Privacy is a basic human right, but as a parent, how much privacy should your child have when it comes to their health? A report released by the Official Journal of the American Academy of Pediatrics reveals that if parents depend solely on their child’s honesty about their sexual activity, disappointment and missed diagnoses could be the result.
It’s not likely a topic your pediatrician will bring up with you either, beyond offering some sort of vaccine that is intended to protect against cancer that is transferred via intercourse. The truth of the matter is that parents still must take the lead in the care and treatment of their child, especially through the adolescent years. The Center for Disease Control reports that more than 20 million new cases reported each year for sexually transmitted diseases involve positive testing in youth ages 15-24.
The three top STDs that youth test positive for are chlamydia, gonorrhea, and syphilis, herpes, the human papillomavirus, and trichomoniasis. Some of these diseases have symptoms and others can be present, are highly contagious, but the carrier remains asymptomatic without any knowledge that he or she even has it.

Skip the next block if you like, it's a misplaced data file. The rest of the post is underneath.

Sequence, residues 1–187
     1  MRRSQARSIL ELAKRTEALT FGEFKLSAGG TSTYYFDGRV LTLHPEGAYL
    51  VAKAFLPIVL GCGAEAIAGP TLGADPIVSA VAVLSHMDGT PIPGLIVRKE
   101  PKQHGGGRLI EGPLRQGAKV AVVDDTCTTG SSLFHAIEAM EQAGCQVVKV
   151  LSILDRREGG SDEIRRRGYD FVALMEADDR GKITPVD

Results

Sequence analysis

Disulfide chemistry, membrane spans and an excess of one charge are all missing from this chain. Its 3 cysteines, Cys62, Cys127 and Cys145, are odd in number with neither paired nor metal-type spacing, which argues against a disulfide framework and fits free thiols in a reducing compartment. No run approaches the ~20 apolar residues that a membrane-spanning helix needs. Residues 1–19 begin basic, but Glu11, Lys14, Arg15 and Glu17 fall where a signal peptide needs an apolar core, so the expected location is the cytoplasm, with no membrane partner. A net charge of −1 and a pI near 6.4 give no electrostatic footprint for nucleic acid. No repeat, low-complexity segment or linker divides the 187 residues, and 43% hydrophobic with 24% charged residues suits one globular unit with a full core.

Also, remember, as awkward as it can be for a parent to discuss these topics with their teenager, it is exponentially more difficult for youth who fear that they will get in trouble, get others into trouble, or find out that their choices have a consequence that’s lifelong.
What makes some parents (and youth) defer STD testing could be fear that the examination will be painful, expensive or involve pelvic examination when involving a younger female. Most sexually transmitted testings can be done through health insurance and become a part of your child’s annual health examination process. The majority of tests can be performed by blood work, urine, or swab if a sore is present.
You’d be surprised how honest a teen may become when they think they will get answers that the needed in the event that a problem does exist. Some youth will be thankful to have their truth out in the open once and for all. Especially now, with the country’s climate changing on access to abortion, it will become even more important for parents to take an active role in their child’s sexual education to prevent unwanted pregnancy, including STDs.